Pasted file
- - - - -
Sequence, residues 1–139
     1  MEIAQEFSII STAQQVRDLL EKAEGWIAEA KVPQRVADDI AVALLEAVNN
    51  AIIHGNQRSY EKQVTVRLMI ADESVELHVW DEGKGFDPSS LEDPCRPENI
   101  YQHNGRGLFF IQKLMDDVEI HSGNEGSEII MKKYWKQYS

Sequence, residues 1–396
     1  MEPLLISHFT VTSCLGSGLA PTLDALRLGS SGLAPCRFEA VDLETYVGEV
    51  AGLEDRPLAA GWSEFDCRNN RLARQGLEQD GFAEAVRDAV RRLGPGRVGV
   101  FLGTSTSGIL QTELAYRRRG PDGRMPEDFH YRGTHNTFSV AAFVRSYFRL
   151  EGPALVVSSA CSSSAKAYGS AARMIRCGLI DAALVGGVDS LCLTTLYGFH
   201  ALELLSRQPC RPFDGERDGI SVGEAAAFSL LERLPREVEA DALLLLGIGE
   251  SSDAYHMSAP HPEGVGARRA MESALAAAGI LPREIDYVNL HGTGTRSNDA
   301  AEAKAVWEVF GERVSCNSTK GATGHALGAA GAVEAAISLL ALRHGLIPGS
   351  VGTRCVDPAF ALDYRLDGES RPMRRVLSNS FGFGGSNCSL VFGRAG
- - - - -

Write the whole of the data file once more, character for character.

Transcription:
Sequence, residues 1–139
     1  MEIAQEFSII STAQQVRDLL EKAEGWIAEA KVPQRVADDI AVALLEAVNN
    51  AIIHGNQRSY EKQVTVRLMI ADESVELHVW DEGKGFDPSS LEDPCRPENI
   101  YQHNGRGLFF IQKLMDDVEI HSGNEGSEII MKKYWKQYS

Sequence, residues 1–396
     1  MEPLLISHFT VTSCLGSGLA PTLDALRLGS SGLAPCRFEA VDLETYVGEV
    51  AGLEDRPLAA GWSEFDCRNN RLARQGLEQD GFAEAVRDAV RRLGPGRVGV
   101  FLGTSTSGIL QTELAYRRRG PDGRMPEDFH YRGTHNTFSV AAFVRSYFRL
   151  EGPALVVSSA CSSSAKAYGS AARMIRCGLI DAALVGGVDS LCLTTLYGFH
   201  ALELLSRQPC RPFDGERDGI SVGEAAAFSL LERLPREVEA DALLLLGIGE
   251  SSDAYHMSAP HPEGVGARRA MESALAAAGI LPREIDYVNL HGTGTRSNDA
   301  AEAKAVWEVF GERVSCNSTK GATGHALGAA GAVEAAISLL ALRHGLIPGS
   351  VGTRCVDPAF ALDYRLDGES RPMRRVLSNS FGFGGSNCSL VFGRAG